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Helicobacter pylori binds to blood group antigens

Thomas Boren, Per Falk
From: Science & Medicine: Volume 1 Number 4: Page 28 (October 1994)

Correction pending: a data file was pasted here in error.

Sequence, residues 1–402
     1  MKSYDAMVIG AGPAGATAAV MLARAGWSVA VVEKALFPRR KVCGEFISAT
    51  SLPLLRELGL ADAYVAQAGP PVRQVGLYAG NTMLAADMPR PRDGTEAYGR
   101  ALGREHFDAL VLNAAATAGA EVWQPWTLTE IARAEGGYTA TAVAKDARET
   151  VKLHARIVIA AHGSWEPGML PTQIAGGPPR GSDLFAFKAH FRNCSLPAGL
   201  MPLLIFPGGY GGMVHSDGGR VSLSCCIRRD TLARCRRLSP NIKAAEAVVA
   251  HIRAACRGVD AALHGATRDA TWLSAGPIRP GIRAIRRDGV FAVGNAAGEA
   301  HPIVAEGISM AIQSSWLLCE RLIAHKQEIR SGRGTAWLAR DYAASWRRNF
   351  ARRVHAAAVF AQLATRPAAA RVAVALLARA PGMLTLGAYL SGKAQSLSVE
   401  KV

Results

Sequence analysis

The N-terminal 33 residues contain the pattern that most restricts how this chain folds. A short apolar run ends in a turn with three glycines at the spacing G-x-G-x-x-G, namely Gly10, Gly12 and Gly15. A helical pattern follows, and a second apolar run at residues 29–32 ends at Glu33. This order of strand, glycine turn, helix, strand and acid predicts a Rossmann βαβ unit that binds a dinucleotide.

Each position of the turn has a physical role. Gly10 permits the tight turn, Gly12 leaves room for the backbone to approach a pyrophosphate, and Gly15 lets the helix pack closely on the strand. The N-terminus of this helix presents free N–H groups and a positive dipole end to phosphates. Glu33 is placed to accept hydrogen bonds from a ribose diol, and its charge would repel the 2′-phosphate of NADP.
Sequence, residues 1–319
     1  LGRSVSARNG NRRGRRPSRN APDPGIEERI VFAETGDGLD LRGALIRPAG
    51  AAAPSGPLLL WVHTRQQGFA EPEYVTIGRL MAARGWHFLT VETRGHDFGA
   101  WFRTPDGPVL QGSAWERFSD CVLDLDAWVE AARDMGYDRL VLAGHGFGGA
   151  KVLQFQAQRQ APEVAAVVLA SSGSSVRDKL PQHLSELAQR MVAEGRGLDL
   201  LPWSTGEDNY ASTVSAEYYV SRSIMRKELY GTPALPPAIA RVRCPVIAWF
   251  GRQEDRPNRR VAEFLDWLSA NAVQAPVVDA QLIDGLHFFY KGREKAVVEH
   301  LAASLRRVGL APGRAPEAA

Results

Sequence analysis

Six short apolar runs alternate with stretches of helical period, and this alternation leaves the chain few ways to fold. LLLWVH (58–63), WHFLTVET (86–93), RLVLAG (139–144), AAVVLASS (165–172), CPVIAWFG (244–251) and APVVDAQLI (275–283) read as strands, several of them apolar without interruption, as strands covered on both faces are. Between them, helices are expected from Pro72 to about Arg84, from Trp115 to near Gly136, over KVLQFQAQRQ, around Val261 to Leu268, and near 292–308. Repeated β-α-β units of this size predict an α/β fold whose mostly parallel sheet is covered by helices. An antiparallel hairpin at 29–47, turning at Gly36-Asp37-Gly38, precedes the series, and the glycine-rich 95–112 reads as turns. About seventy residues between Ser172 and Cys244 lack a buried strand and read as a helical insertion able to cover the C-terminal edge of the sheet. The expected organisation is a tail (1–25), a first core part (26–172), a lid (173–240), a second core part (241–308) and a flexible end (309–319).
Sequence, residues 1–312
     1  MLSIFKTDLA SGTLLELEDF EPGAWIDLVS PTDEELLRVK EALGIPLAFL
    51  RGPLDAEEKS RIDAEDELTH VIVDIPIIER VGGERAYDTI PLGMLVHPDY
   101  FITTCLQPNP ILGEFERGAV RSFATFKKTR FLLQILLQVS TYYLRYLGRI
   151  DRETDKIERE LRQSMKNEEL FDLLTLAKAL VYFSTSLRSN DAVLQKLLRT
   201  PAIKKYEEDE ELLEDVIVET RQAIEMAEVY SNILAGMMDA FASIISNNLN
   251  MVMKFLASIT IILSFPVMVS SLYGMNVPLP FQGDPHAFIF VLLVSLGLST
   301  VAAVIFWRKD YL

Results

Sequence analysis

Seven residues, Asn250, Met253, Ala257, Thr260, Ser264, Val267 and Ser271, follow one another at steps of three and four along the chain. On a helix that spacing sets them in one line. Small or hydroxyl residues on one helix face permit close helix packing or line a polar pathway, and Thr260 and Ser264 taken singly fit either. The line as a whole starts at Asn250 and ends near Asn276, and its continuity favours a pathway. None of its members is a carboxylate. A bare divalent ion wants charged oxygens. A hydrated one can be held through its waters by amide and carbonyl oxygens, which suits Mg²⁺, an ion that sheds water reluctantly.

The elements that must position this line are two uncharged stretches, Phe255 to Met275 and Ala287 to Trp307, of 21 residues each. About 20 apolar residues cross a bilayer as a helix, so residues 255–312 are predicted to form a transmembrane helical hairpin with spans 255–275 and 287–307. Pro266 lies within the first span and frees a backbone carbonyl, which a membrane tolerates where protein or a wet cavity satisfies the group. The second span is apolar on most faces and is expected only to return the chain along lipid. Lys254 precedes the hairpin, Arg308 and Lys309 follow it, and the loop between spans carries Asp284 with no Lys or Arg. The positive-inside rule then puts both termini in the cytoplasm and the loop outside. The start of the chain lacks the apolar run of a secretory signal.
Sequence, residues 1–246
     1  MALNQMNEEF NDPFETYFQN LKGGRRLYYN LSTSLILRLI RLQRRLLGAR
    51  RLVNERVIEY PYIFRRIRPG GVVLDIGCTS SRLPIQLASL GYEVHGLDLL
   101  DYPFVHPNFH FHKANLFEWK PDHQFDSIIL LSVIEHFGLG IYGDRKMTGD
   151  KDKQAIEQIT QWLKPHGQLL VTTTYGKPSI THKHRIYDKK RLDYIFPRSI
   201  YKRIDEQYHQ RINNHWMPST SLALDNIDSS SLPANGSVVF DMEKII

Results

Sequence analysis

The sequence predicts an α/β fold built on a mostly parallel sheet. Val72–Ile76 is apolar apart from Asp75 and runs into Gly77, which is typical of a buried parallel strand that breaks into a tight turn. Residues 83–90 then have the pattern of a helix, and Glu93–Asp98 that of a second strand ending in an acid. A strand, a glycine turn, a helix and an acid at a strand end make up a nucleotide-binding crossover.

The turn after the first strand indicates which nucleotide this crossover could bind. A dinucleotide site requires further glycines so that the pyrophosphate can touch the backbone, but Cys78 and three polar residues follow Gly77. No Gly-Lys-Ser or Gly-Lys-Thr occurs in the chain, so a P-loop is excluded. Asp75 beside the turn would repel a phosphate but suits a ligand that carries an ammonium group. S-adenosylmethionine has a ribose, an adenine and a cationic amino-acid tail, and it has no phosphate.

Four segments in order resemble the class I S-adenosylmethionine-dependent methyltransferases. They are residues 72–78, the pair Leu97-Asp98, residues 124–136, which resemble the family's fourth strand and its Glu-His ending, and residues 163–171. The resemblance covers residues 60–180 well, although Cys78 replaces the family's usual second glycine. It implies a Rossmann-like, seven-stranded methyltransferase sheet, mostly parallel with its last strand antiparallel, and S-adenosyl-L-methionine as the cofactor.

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Abstract: To survive and prosper in the highly acidic human stomach, H. pylori produces a potent urease that buffers its immediate environment. To colonize gastric epithelium, the microbe recognizes fucosylated blood group antigens known as H and Lewis b expressed on host cell surfaces. Finally, to avoid being flushed away in the rapid turnover of gastric mucosa, H. pylori has flagella that make it actively motile. These same characteristics together with secretion of a cytotoxin link H. pylori to chronic gastric inflammation and hint at possible ways to clarify its pathogenicity and to devise therapeutic strategies.

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